“So I was expecting them to peel in the pits with me. Two lapped cars held us up. Don’t know why, but they didn’t.”

Montoya was understandably miffed.

“When everyone else pitted they had to save fuel from that point. It was hard for them to make it without a caution,” Montoya told NBCSN’s Jon Beekhuis post-race.

“And you know, it’s kind of weird that all the Ganassi cars pitted and Sage spins. So it is what it is. I don’t know if it was on purpose or not, but I hear the spin was really dodgy.”

Montoya’s answer to the question on whether there was foul play was: “Karma is a bitch, so we’ll see.”

Further frustration occurred from Bourdais, who was caught out by another yellow, when the second yellow for debris on Lap 21 flew.

“When the debris came out and the yellow closed the pits, it was game over,” the KVSH Racing driver told MotorSportsTalk.

“For me, I keep on suggesting to IndyCar, give us a chance to pit. It only seems fair,” Bourdais said.

“Yellow for debris, it’s hard to juggle around. Make it to pits you don’t. Then you go full course cautions and deal with things.

“Closing the pits like that cycles guys to the front and kills the frontrunners time and time again.

“It is what it is. It’s nothing to bitch at. It’s just frustrating when you’re at the front and get hosed.”

Bourdais’ team co-owner, Jimmy Vasser, also expressed some thoughts – particularly about Karam.

“It was a very strange spin, and it was very convenient timing right after Dixon and Kanaan pitted,” Vasser told MotorSportsTalk.

“We got hosed twice. The first one with the debris, I don’t know why they waited to go yellow.

“Then this one, when that happens, it’s a chance for manipulation.”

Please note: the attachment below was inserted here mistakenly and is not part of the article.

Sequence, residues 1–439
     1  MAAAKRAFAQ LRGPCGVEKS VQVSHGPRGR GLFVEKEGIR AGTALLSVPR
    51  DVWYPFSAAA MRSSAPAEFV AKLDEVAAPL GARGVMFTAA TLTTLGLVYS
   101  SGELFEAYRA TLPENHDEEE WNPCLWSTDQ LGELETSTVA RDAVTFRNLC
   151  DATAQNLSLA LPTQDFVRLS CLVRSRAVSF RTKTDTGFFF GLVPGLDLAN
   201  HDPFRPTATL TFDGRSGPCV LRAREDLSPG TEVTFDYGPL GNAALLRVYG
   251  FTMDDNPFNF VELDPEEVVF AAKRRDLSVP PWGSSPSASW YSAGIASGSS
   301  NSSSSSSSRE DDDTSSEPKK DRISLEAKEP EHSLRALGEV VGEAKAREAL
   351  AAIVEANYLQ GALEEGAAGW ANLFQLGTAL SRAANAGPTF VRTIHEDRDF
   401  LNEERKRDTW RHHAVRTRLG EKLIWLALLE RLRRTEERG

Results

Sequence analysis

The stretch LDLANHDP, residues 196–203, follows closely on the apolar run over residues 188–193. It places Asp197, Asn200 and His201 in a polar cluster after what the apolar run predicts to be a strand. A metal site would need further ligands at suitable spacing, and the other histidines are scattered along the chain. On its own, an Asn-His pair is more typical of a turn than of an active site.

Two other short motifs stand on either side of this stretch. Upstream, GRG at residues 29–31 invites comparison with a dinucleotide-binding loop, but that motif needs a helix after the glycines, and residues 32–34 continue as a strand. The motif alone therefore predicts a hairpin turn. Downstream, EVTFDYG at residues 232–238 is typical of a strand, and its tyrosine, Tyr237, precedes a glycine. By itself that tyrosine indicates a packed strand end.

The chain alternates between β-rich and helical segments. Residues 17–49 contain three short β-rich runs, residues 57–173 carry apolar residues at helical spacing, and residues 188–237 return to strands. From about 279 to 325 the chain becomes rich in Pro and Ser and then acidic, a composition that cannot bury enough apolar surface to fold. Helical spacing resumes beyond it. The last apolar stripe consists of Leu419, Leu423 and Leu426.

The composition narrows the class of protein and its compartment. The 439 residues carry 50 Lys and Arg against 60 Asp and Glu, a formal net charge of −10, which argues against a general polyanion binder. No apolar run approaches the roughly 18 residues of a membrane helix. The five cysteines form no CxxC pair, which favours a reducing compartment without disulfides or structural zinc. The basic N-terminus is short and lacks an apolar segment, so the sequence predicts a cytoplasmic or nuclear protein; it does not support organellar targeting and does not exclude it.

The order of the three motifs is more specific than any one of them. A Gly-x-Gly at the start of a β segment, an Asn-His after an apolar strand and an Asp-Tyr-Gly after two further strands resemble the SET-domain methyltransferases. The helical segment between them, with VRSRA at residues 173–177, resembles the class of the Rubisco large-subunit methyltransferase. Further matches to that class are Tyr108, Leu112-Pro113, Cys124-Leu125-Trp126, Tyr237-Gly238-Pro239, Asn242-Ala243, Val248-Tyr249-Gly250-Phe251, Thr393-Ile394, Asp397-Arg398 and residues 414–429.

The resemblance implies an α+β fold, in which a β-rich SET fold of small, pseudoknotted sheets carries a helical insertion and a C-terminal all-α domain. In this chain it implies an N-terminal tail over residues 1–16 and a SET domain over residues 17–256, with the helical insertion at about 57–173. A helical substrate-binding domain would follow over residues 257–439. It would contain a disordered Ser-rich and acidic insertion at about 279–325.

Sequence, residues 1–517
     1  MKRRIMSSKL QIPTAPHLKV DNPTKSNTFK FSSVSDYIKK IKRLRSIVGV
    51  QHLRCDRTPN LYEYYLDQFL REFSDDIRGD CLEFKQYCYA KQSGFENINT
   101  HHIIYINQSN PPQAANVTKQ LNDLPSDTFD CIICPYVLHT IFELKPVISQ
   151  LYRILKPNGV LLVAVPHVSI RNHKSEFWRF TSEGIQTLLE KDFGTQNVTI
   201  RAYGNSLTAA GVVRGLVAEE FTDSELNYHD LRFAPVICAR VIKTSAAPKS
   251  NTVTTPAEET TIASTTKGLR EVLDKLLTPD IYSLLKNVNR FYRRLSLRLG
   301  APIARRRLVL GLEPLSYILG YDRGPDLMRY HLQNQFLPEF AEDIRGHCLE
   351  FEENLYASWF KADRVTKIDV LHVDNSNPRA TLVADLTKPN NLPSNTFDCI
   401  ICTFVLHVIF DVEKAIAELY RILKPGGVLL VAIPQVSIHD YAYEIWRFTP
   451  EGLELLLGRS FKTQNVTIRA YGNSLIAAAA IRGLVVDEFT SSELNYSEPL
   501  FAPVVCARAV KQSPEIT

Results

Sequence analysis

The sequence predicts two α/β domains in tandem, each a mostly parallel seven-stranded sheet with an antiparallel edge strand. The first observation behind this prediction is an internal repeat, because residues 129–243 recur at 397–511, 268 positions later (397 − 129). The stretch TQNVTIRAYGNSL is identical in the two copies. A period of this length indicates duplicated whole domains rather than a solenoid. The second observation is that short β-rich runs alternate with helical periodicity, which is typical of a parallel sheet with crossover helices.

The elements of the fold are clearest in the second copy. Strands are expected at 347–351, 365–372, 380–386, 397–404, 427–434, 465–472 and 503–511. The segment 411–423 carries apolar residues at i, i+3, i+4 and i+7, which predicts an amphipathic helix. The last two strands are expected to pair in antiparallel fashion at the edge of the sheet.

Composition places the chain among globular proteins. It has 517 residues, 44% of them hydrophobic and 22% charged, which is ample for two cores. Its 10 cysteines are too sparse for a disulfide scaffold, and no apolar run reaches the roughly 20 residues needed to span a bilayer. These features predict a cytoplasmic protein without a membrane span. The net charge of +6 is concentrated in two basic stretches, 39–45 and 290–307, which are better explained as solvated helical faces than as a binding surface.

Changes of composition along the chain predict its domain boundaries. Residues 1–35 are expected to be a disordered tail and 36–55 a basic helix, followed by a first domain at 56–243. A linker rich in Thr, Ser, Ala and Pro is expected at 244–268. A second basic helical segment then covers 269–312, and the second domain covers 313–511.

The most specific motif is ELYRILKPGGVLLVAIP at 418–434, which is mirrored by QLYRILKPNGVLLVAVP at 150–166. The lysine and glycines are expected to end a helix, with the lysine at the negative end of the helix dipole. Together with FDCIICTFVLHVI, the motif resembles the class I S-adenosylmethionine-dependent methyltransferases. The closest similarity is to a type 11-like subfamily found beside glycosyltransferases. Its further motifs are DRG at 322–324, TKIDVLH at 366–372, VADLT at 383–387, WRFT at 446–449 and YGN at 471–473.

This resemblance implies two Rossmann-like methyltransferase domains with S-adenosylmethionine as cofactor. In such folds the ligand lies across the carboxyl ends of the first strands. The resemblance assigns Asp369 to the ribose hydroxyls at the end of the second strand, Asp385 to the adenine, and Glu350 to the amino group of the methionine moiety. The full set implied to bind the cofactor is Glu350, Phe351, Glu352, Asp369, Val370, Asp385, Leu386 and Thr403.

“But, hey, everything is awesome.”

If you’ve read Marshall Pruett’s post-Rule 9.3.8 satirical opinion piece on RACER.com, you’ll really appreciate that last line.

Adam Cianciarulo sweeps to second straight Pro Motocross 450 win

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Adam Cianciarulo (450) and Dylan Ferrandis (250) swept both motos of their divisions Saturday in the Lucas Oil Pro Motocross Championship event at Spring Creek MX Park in Millville, Minnesota, significantly impacting the points standings.

After scoring his first career victory Sept. 8 at RedBud, Cianciarulo made it two consecutive victories on his Monster Energy Kawasaki. He won the first moto by 1.7 seconds over Blake Baggett and the second moto by 2.7 seconds over Baggett.

“Man, what a dream come true,” Cianciarulo said. “I really wanted to go 1-1 last round at RedBud and had that silly mistake. Today, we got the job done and made it happen. Two consecutive victories in the 450 Class just feels really good. I just want to keep the ball rolling.”

With three rounds remaining, Cianciarulo is ranked second in the standings at a 15-point deficit to Zach Osborne, who won three of the first five rounds.

In the 250 standings, Dylan Ferrandis jumped ahead of Jeremy Martin (who won three consecutive events earlier in the season) by three points (257-254).